Colorado Voters Legalize Sports Betting

Legal betting is coming to Colorado

Legalized sports betting is coming to Colorado after a narrow “yes” vote in Tuesday’s referendum.

Proposition DD, the measure to legalize sports betting in the state, attracted more than 1.3 million votes (roughly a one-third turnout) and while some counties in the Centennial State had yet to call at the time of writing, the “yes” vote is currently ahead by a significant margin.

Prop DD language

The phrasing of Prop D was a concern to backers. Rather than a simple “yes” or “no” vote to legalize sports betting, it proposed a tax of 10% on gambling revenue to help fund the Colorado Water Plan.

Thankfully that ‘confusing’ language didn’t deter enough of those voters in favor from turning out, although it was far from a slam dunk in the end and certification of the final results will take several weeks.

The campaign behind the measure spent more than $2.3 million and this, unsurprisingly, was mostly raised from casino and gaming interests, including FanDuel ($1.35 mm) and DraftKings ($500k).

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The measure was opposed by Christian groups and environmentalists, who argued the state’s four-year-old water plan heavily favored dams in a bid to solve the state’s drought.

Timeline for Colorado sports betting

Moves to legalize sports betting in Colorado began soon after the green light given to it’s practice by the Supreme Court’s repeal of PASPA in May 2018, with the aim of having a bill ready for 2019.

After many hours of behind-the-scenes negotiations, the said bill was eventually signed by Gov. Jared Polis on May 29, 2019, with legislators then having to seek voter approval due to a clause in the state’s constitution.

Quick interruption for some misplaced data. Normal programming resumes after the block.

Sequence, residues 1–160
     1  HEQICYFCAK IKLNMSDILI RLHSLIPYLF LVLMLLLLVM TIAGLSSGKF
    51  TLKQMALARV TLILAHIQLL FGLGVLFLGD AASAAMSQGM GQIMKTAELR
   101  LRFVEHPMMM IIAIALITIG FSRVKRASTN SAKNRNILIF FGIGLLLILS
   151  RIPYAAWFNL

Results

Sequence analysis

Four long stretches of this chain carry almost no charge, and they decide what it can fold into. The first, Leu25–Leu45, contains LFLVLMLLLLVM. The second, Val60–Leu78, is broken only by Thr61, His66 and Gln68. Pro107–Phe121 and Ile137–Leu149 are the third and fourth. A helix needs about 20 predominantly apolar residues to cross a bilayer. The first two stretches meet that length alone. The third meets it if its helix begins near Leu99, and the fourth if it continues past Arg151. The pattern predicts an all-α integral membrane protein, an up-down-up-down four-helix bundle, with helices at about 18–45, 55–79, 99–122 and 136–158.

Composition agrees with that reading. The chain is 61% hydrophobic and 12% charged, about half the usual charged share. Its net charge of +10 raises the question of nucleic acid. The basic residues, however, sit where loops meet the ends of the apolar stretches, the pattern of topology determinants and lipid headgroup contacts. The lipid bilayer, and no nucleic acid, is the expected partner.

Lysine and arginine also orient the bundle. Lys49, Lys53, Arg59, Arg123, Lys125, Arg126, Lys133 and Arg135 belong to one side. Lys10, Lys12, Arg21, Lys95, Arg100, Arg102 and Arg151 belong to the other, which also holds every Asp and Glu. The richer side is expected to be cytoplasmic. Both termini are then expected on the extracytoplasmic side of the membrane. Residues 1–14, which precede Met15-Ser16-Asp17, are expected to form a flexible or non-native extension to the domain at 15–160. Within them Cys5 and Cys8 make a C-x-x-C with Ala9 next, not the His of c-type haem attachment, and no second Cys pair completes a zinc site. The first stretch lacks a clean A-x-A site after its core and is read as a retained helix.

Following Tuesday’s narrow vote in favor, the legislation allows sports betting to begin on May 1, 2020, in which case Coloradans may have legal betting options for the start of the NBA playoffs and MLB season.

More certainly, it should be up and running by the time the Denver Broncos take to the field in 2020. We reported several weeks ago about Smarkets making moves in to Colorado, you can read the article here – Smarkets coming to Indiana and Colorado

What’s in the bill?

Colorado has 33 casinos, all of which are located in three rural mountain towns, and each of those can apply for a two-year sports gambling license, or ‘master license’.

On approval, the company owner can proceed to build a physical sportsbook in-house and even a mobile betting app, although what’s far more likely is a partnership with an existing sportsbook operator, such as FanDuel.

The license fee for casinos and operators has been set the same at a relatively modest $125k.

Colorado’s Division of Gaming, which has been charged with overseeing the new industry, is anticipating a deluge of license applications, and as many as 40 according to a fiscal note.

It all adds up to plenty of options for bettors and, better still, they needn’t first step foot inside a casino before they can wager. That’s because remote registration via a mobile device is permitted from anywhere within state lines.

What sports are off the table?

The bill bans bets on eSports, high school sporting events and proposition bets on college competitions.

Otherwise, bettors can look forward to a full array of betting opportunities on amateur, college and professional individual or team sports events.

Expect a whole host of wagering options too and any number of promos surrounding the Broncos as sportsbooks compete for betting dollars.

Colorado ripe for sports betting

A younger and more affluent demographic than the national average, combined with a very passionate football fan base, makes Colorado an ideal market for legal sports betting.

It’s a fully mobile one too as, without the hindrance of in-person registration, bettors will be able to wager from the comfort of their own homes, or anywhere else in the state, using a web browser or via a mobile device.

They won’t be short of options either as all the leading US sportsbooks can be expected to set up shop, lured by an operator-friendly tax rate of 10% on net sports betting revenue – that’s on a par with the more competitive betting markets in the US, such as New Jersey and Indiana.

In which case, both FanDuel and DraftKings can expect a very healthy return on the money they spent backing Proposition DD, and these long-term industry rivals may ultimately dominate the Colorado market as they are doing elsewhere in the US.

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